Some time ago a very well respected depute headteacher retired from our school. As many of us may be doing soon, we gathered in a restaurant to celebrate her long service to children in Edinburgh.
On that occasion I was struck by the fact that we were all sitting enchanted by her many interesting stories about her life as a teacher but also saddened by the fact that we are all so busy in our daily lives that there is little time to share such stories on a more regular basis.
One story recalled life in a school near Leith barracks. Daily, on their way to school, the older boys tormented the young soldiers on duty outside the barracks and, daily, they were locked up until just before the bell rang at 9 o'clock.
Like many of my colleagues, I come from a long line of teachers. Looking back at my family, one of the things I see is past solutions for teacher shortages. Long before the General Teaching Council for Scotland guided procedures for entry into teaching, both my mother and mother-in-law were uncertificated teachers in Ayrshire, at Belmont Academy and Rankinston primary. Their curriculum was largely based on what they remembered they were taught at school.
Later my mother chose to attend Jordanhill College of Education as one of the mature students so beloved of younger counterparts because of their commitment to their studies.
The normal pattern for newly qualified staff was to teach "up country" for a while, which my mother did before being given a post nearer to her home in Ayr.
Some supply teachers think that South Queensferry is miles from Edinburgh and much too far to go for a day's teaching.
How I wish I could turn the clock back and ask my grandfather so many questions which never occurred to me as a child.
As the son of a worker in the Ayrshire blanket mills at Skeldon, he somehow or other won a place at Glasgow University to study the classics. He literally walked to digs in Gibson Street once a term from Ayrshire.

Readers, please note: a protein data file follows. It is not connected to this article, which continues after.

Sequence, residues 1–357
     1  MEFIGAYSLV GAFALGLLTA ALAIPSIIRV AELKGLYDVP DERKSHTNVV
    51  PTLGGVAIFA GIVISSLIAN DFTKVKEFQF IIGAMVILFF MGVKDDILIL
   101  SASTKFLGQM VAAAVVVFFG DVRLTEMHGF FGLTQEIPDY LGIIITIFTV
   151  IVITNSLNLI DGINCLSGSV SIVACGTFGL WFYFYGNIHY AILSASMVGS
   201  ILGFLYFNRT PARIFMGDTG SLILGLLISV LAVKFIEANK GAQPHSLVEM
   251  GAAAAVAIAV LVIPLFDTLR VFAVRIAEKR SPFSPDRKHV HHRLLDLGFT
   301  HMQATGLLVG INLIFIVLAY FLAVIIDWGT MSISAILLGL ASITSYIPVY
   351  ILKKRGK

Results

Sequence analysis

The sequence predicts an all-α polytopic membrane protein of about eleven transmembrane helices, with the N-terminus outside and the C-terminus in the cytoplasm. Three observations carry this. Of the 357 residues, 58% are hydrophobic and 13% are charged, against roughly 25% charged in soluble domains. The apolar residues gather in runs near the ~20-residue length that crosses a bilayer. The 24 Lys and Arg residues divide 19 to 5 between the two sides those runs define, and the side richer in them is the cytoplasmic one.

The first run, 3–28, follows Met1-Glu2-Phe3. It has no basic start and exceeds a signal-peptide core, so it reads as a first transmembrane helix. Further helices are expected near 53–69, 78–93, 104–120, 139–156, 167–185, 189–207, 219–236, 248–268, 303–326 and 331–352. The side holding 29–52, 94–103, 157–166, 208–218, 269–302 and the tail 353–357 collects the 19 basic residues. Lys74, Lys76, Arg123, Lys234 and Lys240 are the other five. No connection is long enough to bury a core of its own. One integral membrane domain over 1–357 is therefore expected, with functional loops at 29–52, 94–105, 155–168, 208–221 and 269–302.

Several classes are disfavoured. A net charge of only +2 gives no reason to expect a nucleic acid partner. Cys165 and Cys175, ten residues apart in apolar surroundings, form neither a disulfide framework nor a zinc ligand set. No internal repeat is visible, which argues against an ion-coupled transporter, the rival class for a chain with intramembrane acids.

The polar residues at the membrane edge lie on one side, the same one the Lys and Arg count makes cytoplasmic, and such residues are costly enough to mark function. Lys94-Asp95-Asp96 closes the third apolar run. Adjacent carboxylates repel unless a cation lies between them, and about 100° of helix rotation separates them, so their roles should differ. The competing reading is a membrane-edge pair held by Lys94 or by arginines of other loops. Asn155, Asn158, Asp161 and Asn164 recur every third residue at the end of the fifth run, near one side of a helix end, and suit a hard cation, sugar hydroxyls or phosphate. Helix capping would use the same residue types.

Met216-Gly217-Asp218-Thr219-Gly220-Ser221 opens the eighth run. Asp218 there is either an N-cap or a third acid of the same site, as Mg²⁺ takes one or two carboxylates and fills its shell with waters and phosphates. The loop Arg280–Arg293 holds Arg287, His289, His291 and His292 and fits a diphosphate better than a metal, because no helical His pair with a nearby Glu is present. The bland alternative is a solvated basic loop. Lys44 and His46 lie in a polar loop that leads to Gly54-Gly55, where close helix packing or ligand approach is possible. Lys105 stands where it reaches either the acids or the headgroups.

I think that one of my daughters is adventurous for going off for a gap year in Australia. Yet, all these years ago, my grandfather set off for Singapore with a friend, Willie Campbell, who later became a primary headteacher at Alloway Primary in Ayr. Together they had wanted to go to Canada but were angry when asked to complete extra training: in their eyes, a Scottish education was the best in the world. So, Singapore was their choice as no extra training was required, and off they set for Raffles Institute to teach English.
That lasted for two years until these adventurers crossed the bridge into Malaysia and became rubber planters for 11 years before returning to teaching careers in Scotland.
I do remember stories of my grandfather being a pupil teacher in Coatbridge with 52 pupils in his class. I also know that his headship was at Lethanhill, in the hills above Patna, near Ayr. I'm not sure how useful Latin and Greek would have been to his pupils. Some of the women had never left "the hill" but to walk down the road with their men's betting slips and collect a board of bread for their return journey to their homes.
My great aunt would dearly have liked to have been a teacher but then, of course, only the boys were educated.
Years later, I had a full grant to follow my own studies to be a teacher. I wonder if it is as easy for today's young generation to follow their dreams.
Sheilah Jackson is headteacher of Queensferry Primary in Edinburgh